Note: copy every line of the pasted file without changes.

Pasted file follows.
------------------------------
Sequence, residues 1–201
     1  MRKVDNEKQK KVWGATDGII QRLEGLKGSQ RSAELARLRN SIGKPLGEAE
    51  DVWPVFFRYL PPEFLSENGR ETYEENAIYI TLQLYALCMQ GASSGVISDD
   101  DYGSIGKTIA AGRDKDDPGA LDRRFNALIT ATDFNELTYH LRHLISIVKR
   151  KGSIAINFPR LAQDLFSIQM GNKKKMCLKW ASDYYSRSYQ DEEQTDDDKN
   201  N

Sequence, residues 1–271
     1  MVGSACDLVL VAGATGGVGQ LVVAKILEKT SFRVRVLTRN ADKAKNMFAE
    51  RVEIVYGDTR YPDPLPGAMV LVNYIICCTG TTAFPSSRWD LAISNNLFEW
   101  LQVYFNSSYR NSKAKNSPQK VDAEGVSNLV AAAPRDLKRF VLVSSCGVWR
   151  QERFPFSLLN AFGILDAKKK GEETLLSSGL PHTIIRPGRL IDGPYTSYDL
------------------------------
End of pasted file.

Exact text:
Sequence, residues 1–201
     1  MRKVDNEKQK KVWGATDGII QRLEGLKGSQ RSAELARLRN SIGKPLGEAE
    51  DVWPVFFRYL PPEFLSENGR ETYEENAIYI TLQLYALCMQ GASSGVISDD
   101  DYGSIGKTIA AGRDKDDPGA LDRRFNALIT ATDFNELTYH LRHLISIVKR
   151  KGSIAINFPR LAQDLFSIQM GNKKKMCLKW ASDYYSRSYQ DEEQTDDDKN
   201  N

Sequence, residues 1–271
     1  MVGSACDLVL VAGATGGVGQ LVVAKILEKT SFRVRVLTRN ADKAKNMFAE
    51  RVEIVYGDTR YPDPLPGAMV LVNYIICCTG TTAFPSSRWD LAISNNLFEW
   101  LQVYFNSSYR NSKAKNSPQK VDAEGVSNLV AAAPRDLKRF VLVSSCGVWR
   151  QERFPFSLLN AFGILDAKKK GEETLLSSGL PHTIIRPGRL IDGPYTSYDL